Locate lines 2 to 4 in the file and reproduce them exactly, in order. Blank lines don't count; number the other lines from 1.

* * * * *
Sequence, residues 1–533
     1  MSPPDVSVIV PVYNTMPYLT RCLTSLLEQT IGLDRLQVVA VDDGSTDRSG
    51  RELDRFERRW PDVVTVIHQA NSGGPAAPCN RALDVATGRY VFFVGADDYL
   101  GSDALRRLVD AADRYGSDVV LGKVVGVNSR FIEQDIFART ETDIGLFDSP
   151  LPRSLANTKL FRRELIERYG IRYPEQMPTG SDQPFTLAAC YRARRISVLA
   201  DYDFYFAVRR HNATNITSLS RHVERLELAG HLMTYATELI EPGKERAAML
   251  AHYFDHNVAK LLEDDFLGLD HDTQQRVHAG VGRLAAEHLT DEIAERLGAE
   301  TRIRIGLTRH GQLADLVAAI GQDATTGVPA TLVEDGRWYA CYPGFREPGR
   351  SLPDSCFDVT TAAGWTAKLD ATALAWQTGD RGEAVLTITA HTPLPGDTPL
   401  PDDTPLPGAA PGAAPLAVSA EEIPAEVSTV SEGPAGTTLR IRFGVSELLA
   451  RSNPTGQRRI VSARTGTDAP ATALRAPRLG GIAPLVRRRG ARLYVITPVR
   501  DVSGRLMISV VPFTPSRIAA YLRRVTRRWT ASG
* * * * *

     1  MSPPDVSVIV PVYNTMPYLT RCLTSLLEQT IGLDRLQVVA VDDGSTDRSG
    51  RELDRFERRW PDVVTVIHQA NSGGPAAPCN RALDVATGRY VFFVGADDYL
   101  GSDALRRLVD AADRYGSDVV LGKVVGVNSR FIEQDIFART ETDIGLFDSP